Jessica Chastain Calls Out Hollywood, Marvel: ‘Where is the Scarlett Johansson Superhero Movie?’

The “Eleanor Rigby” star talks to TheWrap about the perplexing lack of great roles for women, even when it makes financial sense

Jessica Chastain, who played secret agents in “Zero Dark Thirty” and “The Debt,” is going to bat for a fellow ass-kicking leading lady.

Speaking of the dearth of great roles for women in Hollywood, the actress told TheWrap on Wednesday that she would love to see “Avengers” star Scarlett Johansson get her own super-vehicle.

See video: Jessica Chastain and James McAvoy Offer 2 Sides of the Same Love Story in ‘Disappearance of Eleanor Rigby’

“Where is the Scarlett Johansson superhero movie? I don’t understand it, why is it taking so long for this?” Chastain asked TheWrap, rhetorically and with no small degree of animation. “This woman clearly shows that people want to go see her in the movies. ‘Lucy,’ didn’t it beat ‘Hercules’ by a lot opening weekend, when it was made for a lot less? She shows that she kicks ass, she’s a great actress. ‘Under the Skin’ is an incredible film, and why are we still waiting for a go-ahead on a superhero movie starring Scarlett Johansson?

“To me, it’s a no-brainer,” she added. “You want to make money, put Scarlett Johansson in a superhero movie!”

Also read: Why Scarlett Johansson’s ‘Lucy’ Strikes Blow for Women With Kick-Butt Box Office

Her math is correct: “Lucy,” the Luc Besson-directed sci-fi action flick that stars Johansson as a college student who gets superpowers as her brain expands, has made $217 million around the world on just a $40 million budget. It was the number one film in America when it opened in July, taking in $43 million in its first weekend.

Fans have clamored for Johansson, who stars in the Marvel movies as super spy Black Widow, to get her own film as the Russian heroine. But thus far, the studio has shown little inclination to make it happen.

“I think it comes down to timing, which is what I’ve sort of always said, and it comes down to us being able to tell the right story,” Marvel Studios chief Kevin Feige told Comic Book Resources earlier this summer. “I hope we do it sooner rather than later. But we find ourselves in the very strange position of managing more franchises than most people have — which is a very, very good thing and we don’t take for granted, but is a challenging thing. You may notice from those release dates, we have three for 2017. And that’s because just the timing worked on what was sort of gearing up. But it does mean you have to put one franchise on hold for three or four years in order to introduce a new one? I don’t know. Those are the kinds of chess matches we’re playing right now.”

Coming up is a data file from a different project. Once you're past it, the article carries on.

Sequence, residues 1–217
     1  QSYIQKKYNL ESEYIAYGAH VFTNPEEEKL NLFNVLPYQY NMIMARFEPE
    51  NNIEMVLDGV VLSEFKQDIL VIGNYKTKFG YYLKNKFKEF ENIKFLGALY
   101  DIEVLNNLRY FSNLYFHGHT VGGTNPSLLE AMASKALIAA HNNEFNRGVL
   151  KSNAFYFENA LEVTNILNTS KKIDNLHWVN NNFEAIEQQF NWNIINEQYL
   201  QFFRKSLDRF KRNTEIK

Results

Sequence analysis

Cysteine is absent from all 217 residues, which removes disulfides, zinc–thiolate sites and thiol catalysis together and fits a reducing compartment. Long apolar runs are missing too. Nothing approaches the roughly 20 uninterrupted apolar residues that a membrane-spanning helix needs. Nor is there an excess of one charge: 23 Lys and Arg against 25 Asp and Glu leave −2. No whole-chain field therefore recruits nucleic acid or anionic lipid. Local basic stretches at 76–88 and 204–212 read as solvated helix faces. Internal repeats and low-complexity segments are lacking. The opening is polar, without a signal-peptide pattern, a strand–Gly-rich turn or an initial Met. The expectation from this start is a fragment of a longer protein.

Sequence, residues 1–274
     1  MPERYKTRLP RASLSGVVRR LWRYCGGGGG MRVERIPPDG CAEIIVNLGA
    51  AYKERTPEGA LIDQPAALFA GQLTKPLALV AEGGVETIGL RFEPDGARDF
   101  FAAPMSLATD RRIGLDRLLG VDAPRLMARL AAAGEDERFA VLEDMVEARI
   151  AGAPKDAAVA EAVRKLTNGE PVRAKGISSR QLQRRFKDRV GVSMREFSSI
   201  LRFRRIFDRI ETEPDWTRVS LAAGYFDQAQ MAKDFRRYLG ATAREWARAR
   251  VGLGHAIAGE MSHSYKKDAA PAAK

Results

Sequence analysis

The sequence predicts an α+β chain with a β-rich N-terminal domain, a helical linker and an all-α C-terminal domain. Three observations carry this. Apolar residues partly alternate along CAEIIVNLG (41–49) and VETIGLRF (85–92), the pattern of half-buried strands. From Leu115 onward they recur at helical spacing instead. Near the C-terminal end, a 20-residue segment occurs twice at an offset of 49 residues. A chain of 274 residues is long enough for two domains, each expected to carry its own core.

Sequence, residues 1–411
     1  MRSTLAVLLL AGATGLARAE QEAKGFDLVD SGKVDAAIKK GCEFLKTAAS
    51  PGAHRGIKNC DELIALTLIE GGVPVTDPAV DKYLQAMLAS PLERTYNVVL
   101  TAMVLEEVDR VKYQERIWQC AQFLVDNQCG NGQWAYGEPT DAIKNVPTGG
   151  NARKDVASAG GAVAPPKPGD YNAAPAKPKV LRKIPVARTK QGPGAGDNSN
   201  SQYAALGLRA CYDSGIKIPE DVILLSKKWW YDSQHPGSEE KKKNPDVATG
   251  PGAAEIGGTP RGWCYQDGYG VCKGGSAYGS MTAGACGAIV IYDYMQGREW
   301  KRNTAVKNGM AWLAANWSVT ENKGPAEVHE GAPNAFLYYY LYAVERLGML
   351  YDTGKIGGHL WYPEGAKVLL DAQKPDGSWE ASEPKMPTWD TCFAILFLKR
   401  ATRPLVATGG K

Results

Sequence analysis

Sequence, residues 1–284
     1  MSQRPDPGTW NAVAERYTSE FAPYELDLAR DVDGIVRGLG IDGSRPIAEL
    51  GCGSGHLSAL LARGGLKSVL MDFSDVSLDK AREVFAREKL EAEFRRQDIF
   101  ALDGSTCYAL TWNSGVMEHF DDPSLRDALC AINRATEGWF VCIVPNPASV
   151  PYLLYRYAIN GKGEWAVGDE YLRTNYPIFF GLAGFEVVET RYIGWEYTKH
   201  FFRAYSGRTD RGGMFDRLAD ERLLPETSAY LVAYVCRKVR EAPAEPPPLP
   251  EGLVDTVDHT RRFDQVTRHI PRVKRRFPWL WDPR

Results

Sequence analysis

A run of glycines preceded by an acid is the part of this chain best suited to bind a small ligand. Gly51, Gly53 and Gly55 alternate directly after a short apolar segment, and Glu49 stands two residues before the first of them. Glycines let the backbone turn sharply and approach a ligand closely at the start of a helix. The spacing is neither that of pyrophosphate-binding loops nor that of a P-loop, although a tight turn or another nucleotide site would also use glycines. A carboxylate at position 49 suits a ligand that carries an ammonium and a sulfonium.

See Photos: ‘Ant-Man’ First Look: See Paul Rudd as Marvel’s Latest Action Hero

Meanwhile, Chastain stars in the upcoming drama “The Disappearance of Eleanor Rigby,” which has three different versions: One (subtitled “Her”) from the perspective of her title character, one (“Him”) from the perspective of James McAvoy (her on-screen husband), and one (“Them”) that combines the two. All three will be released in theaters at some point, with the two character-skewing versions out on Oct. 10th in limited release.

In fact, Chastain is responsible for the fact that there is even more than one version of the film; years back, she told writer-director Ned Benson that she liked the script, but thought the character of Eleanor Rigby needed more back story and detail. That led to him writing the “Her” version, which along with “Him” was screened at Toronto before a “Them” cut was made for wide release in September.

“It’s a fact, the majority of films in Hollywood are from the male perspective,” she said. “And the female characters, very rarely do they get to speak to another female character in a movie, and when they do it’s usually about a guy, not anything else. So they’re very male-centric, Hollywood films, in general. So I think it’s incredible that Ned Benson, when I said I’d love to know where she goes, says okay I’m going to write another film from the female perspective.”